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Monday 30 October 2017
Vaccines to Prevent Ebola in Liberia

Phase 2 Placebo-Controlled Trial of Two Vaccines to Prevent Ebola in Liberia

The Ebola virus disease (EVD) outbreak, that began in December 2013 in western Africa, created new challenges for the design and implementation of protocols to test experimental vaccines and therapeutic agents. The National Institutes of Health engaged in discussions with the Liberian Ministry of Health regarding possible studies. Preclinical data were available on two candidate Ebola virus vaccines, the chimpanzee adenovirus 3–based vaccine (GlaxoSmithKline ChAd3-EBO-Z) and the recombinant vesicular stomatitis virus–based vaccine (Merck rVSV∆G-ZEBOV-GP), which were in phase 1 testing. In order to evaluate these vaccines rapidly, a randomized, placebo-controlled, phase 3 trial (PREVAIL I) was designed with the aim of preventing EVD; the trial included an embedded phase 2 subtrial to evaluate safety and immunogenicity. At the time that this trial was designed and implemented, there were no completed and published phase 1 studies. The phase 3 trial was not completed because of a declining number of EVD cases and, ultimately, because of the end of the epidemic. The authors reported the results of the phase 2 subtrial.
From February to April 2015, a total of 1500 volunteers (18 years or older) were randomly assigned in a 2:1:2:1 ratio to receive an intramuscular injection of the ChAd3-EBO-Z vaccine (2 ml), 2 ml of placebo, the rVSV∆GZEBOV-GP vaccine (1 ml), or 1 ml of placebo at Redemption Hospital in Monrovia, Liberia. The 1:1:1 ratio for the analyses was obtained by combining the two placebo groups. The groups were well balanced at baseline. The median age was 30 years, and 36.6% of the participants were women.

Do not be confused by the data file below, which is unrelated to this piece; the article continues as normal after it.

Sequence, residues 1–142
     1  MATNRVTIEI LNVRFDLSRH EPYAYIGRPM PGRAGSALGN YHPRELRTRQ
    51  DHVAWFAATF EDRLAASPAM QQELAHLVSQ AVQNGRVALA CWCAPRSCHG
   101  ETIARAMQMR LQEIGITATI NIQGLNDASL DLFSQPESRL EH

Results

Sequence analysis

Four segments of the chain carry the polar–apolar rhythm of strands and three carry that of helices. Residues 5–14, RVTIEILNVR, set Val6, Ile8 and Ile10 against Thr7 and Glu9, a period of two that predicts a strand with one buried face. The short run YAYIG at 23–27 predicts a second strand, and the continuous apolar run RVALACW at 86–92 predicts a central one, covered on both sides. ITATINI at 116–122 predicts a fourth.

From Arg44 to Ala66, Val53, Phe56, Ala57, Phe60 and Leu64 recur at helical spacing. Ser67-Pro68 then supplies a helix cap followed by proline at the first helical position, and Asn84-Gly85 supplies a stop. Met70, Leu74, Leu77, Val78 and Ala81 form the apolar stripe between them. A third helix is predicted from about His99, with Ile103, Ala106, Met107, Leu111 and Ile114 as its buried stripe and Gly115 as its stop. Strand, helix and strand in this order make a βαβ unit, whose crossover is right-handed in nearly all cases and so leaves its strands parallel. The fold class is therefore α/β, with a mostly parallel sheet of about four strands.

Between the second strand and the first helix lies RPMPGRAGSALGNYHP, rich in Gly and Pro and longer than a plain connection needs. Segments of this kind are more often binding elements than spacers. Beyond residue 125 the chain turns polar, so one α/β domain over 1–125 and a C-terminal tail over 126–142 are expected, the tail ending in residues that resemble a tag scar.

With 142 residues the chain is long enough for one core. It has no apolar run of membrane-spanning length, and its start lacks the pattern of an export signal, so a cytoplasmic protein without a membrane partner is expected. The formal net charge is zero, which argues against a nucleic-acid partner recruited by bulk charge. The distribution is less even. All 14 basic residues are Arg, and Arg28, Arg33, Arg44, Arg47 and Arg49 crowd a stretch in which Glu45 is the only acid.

There was a very little drop out during the follow up. There were no cases of EVD.
Within 1 month after injection, 20 participants had a serious adverse event: 6 participants (1.2%) in the ChAd3-EBO-Z group, 6 (1.2%) in the rVSV∆G-ZEBOV-GP group, and 8 (1.6%) in the placebo group (P=0.68 for the comparison of each vaccine with placebo): 70% of these events were attributed to malaria. Over the 12 months follow-up period, a serious adverse event occurred in 40 participants (8.0%) in the ChAd3-EBO-Z group, in 47 (9.4%) in the rVSV∆G-ZEBOV-GP group, and in 59 (11.8%) in the placebo group: most of these (71%) were attributed to malaria, fewer in the treated 2 groups compared to placebo group (P=0.03 in the ChAd3-EBO-Z group and P = 0.25 in the rVSV∆GZEBOV-GP group, respectively, compared to placebo group).
By 12 months, one death had occurred among participants in the ChAd3-EBO-Z group, five among those in the rVSV∆G-ZEBOV-GP group, and six among those in the placebo group, but none were attributed to EVD.
During the week after injection, injection-site reactions were reported in 28.5% of the participants in the ChAd3-EBO-Z group and 30.9% of those in the rVSV∆G-ZEBOV-GP group, compared to 6.8% of those in the placebo group (P< 0.001 for both comparisons).
Targeted symptoms were reported more often in each vaccine group than in the placebo group at week 1 (P < 0.001 for both comparisons), but at month 1, they  did not significantly differ among the groups. The most commonly reported symptoms were headache, muscle pain, feverishness, and fatigue.
The authors concluded that both the vaccines, as compared to placebo, elicited an immune response by 1 months (70.8% in the ChAd3-EBO-Z group and 83.7% in the rVSV∆GZEBOV-GP group, P < 0.001 for both comparisons), that was largely maintained through 12 months (63.5% and 79.5%, respectively, P < 0.001 for both comparisons).
They, also, highlighted some limitations of the study: the absence of children; the lack of an identified laboratory correlate of protective immunity; the incapability of establishing whether either vaccine was effective in preventing EVD as the number of cases of EVD declined drastically in Liberia.

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